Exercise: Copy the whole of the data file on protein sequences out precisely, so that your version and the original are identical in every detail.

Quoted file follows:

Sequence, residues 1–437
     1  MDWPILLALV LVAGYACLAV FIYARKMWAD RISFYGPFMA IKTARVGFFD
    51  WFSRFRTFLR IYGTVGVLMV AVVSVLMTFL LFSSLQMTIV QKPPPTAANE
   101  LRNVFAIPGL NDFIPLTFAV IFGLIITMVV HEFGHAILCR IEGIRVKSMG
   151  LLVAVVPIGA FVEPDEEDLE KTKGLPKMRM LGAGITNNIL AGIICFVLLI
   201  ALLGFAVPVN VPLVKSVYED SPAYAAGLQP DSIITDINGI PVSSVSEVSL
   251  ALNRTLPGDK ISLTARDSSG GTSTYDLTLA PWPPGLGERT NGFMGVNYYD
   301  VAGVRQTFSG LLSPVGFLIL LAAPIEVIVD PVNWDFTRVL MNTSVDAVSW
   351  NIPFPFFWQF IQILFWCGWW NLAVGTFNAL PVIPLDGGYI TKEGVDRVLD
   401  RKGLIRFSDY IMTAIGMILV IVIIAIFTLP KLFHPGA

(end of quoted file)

Sequence, residues 1–437
     1  MDWPILLALV LVAGYACLAV FIYARKMWAD RISFYGPFMA IKTARVGFFD
    51  WFSRFRTFLR IYGTVGVLMV AVVSVLMTFL LFSSLQMTIV QKPPPTAANE
   101  LRNVFAIPGL NDFIPLTFAV IFGLIITMVV HEFGHAILCR IEGIRVKSMG
   151  LLVAVVPIGA FVEPDEEDLE KTKGLPKMRM LGAGITNNIL AGIICFVLLI
   201  ALLGFAVPVN VPLVKSVYED SPAYAAGLQP DSIITDINGI PVSSVSEVSL
   251  ALNRTLPGDK ISLTARDSSG GTSTYDLTLA PWPPGLGERT NGFMGVNYYD
   301  VAGVRQTFSG LLSPVGFLIL LAAPIEVIVD PVNWDFTRVL MNTSVDAVSW
   351  NIPFPFFWQF IQILFWCGWW NLAVGTFNAL PVIPLDGGYI TKEGVDRVLD
   401  RKGLIRFSDY IMTAIGMILV IVIIAIFTLP KLFHPGA